Ryrie’s response to the Trinity analogy on the top of page 196, in his first edition of Basic Theology, is well said. “Certainly the Persons of the Trinity are equal, though the parts of man are not. To which Person of the Trinity would the body correspond?”
2. “The unsaved do not have a spirit. This was lost at the fall and is restored at conversion.”
Dr. Bowman asks and answers this question; “Does the unsaved person have a spirit? All flesh have a spirit (Numbers 16:22; 1 Cor. 2:11).” “And they fell upon their faces, and said, O God, the God of the spirits of all flesh, shall one man sin, and will you be wroth with all the congregation”(Numbers 16:22)? Wayne Grudem states, “Of course, our ‘spirits are alive’ to God after regeneration (Rom. 8:10), but that is simply because we as whole persons are affected by regeneration. It is not just that our spirits were dead before—we were dead to God in trespasses and sins.” Read the rest of his arguments on page 701 of his Systematic Theology.
3. “The spirit is the God conscious aspect of man that enables man to worship God and the soul is self conscious aspect of man that is synonymous with the mind.”
Scofield makes this distinction, “Because man is ‘spirit’ he is capable of God-consciousness, and of communication with God (Job 32:8; Psa. 18:28; Prov. 20:27); because he is ‘soul’ he has self-consciousness (Psa. 13:2; 42:5, 6, 11); because he is ‘body’ he has, through his senses, world-consciousness” (The Scofield Study Bible, page 1270.
Man’s nature cannot be compartmentalized this neatly. The spirit of man thinks, not just the soul. “They also that erred in spirit shall come to understanding, and they that murmured shall learn doctrine” (Isaiah 29:24). The soul of man worships or has a God-consciousness, not just the spirit. “”Jesus said unto him, Thou shalt love the Lord thy God with all thy heart, and with all thy soul, and with all thy mind” (Mt. 22:37).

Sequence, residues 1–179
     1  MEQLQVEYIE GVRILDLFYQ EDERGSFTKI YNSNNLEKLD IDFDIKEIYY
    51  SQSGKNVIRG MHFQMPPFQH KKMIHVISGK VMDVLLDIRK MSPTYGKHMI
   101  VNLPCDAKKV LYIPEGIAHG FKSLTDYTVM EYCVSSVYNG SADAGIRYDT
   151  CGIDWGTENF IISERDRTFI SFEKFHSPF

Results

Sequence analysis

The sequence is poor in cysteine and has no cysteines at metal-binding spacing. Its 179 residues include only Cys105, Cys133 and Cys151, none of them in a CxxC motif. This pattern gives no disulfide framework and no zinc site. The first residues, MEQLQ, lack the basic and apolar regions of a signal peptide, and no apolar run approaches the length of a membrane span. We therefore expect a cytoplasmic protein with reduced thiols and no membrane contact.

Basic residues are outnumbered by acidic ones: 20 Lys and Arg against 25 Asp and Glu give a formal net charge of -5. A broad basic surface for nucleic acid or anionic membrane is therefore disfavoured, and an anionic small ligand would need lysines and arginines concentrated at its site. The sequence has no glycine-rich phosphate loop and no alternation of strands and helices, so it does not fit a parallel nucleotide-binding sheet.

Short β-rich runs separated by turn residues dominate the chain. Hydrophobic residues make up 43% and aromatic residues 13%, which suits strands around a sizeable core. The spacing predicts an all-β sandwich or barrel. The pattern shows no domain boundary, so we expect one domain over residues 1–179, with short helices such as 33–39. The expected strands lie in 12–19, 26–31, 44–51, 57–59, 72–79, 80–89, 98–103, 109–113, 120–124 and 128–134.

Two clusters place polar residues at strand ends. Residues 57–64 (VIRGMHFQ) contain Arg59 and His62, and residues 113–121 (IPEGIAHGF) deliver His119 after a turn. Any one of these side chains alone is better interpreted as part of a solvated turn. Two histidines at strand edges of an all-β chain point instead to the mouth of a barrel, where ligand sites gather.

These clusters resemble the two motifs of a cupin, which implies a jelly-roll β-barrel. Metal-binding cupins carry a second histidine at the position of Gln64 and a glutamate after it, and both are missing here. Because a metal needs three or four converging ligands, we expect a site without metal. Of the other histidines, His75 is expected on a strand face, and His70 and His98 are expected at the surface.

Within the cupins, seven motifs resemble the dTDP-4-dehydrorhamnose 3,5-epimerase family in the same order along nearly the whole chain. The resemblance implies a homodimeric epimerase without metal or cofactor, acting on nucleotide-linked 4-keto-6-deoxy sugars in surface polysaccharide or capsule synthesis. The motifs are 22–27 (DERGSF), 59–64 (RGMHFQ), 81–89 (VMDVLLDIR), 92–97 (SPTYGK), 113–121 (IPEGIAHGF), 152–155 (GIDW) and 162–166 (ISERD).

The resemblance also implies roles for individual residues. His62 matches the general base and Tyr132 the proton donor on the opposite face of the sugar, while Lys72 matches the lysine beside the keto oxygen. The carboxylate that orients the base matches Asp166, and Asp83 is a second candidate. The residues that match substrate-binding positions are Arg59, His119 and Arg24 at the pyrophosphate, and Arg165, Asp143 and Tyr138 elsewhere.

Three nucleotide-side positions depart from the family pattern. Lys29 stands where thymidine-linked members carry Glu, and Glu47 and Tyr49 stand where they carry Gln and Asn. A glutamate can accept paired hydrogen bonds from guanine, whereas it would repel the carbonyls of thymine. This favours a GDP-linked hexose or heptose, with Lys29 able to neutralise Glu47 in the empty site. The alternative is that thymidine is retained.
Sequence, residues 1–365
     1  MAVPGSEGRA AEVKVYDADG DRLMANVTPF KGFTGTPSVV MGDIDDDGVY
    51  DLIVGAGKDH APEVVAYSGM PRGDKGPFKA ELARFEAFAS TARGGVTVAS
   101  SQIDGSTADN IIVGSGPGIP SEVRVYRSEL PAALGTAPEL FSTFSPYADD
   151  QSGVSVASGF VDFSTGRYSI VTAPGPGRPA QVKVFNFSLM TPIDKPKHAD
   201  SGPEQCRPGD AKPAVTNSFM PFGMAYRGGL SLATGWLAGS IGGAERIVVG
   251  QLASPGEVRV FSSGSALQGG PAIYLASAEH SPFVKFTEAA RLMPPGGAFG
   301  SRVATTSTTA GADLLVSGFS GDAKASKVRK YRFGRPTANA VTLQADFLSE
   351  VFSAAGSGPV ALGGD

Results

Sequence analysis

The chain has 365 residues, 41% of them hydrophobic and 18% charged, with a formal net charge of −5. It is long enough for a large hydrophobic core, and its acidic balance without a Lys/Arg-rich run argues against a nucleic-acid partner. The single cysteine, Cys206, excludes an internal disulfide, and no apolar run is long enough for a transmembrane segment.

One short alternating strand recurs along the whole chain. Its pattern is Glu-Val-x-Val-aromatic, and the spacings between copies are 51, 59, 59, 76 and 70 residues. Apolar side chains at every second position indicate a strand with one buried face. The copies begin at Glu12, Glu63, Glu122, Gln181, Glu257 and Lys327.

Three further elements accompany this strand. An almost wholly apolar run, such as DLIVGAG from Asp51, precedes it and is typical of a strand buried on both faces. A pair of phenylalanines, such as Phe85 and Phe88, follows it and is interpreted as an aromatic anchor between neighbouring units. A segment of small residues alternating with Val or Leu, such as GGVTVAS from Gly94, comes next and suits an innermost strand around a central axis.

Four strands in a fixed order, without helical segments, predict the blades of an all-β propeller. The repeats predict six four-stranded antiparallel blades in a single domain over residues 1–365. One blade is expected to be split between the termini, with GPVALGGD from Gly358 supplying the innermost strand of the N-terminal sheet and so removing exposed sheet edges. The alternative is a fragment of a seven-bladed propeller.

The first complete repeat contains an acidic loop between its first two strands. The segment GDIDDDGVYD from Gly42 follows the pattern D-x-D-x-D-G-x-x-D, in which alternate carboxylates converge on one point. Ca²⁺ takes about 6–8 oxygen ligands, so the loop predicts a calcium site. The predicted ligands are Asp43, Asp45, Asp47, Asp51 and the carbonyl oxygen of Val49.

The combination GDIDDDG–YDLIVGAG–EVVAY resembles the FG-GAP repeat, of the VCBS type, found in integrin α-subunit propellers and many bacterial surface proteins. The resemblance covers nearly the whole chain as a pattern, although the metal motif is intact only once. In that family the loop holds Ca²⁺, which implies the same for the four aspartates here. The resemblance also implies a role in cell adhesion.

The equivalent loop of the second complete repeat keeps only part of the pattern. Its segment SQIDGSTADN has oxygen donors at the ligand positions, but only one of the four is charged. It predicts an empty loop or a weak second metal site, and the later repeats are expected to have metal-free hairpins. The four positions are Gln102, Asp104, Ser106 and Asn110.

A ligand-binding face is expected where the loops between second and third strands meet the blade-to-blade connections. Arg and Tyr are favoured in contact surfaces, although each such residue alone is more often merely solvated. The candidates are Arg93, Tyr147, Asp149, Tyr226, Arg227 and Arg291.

These two terms, soul and spirit, are used interchangeably throughout Scripture.
Again Scofield fails to see the interchangeably of these two words, “In Scripture use, the distinction between spirit and soul may be traced. Briefly, that distinction is that the spirit is that part of man which ‘knows’ (1 Cor. 2:11), his mind; the soul is the seat of the affections, desires, and so the emotions, and of the active will, the self. ‘My soul is exceeding sorrowful; (Mt. 26:38; see also Mt. 11:29; and John 12:27)” (page 1270).
For trouble feelings: Not only does the soul feel but also the spirit of man. In the OT (Gen. 41:8 and Ps. 42:6); in the NT (John 12:27 “My soul is troubled” and John 13:21 “He was troubled in spirit”)
For expressing praise: Luke 1:46 and 47 where you have OT parallelism where the same thought is expressed with similar words. The soul can worship the Lord.
For death: Gen. 35:18 (soul departs); Acts 7:59 (spirit departs). Scripture never says that “the soul and spirit departed.” Wayne Grudem elaborates on this point. “If soul and spirit were separate and distinct things, we would expect that such language would be affirmed somewhere, if only to assure the reader that no essential part of the person is left behind. Yet we find no such language: the biblical authors do not seem to care whether they say that the soul departs or the spirit departs at death, for both seem to mean the same thing” (page. 474).
For persons in heaven: Heb. 12:23 (spirits); Rev. 6:9 (souls).
Both terms are ascribed to animals: souls in Gen. 1:24; spirit in Ecc. 3:21; Rev. 16:3.
The highest duties of Christians are demanded of the soul, not just the spirit: Mark 12:30; Luke 1:46, 47.
The whole man is referred to as body and soul (Mt. 10:28) and body and spirit (1 Cor. 5:3). Grudem asks a question that needs to be answered by trichotomists, “What can the spirit do that the soul cannot do? What can the soul do that the spirit cannot do?” (page 477).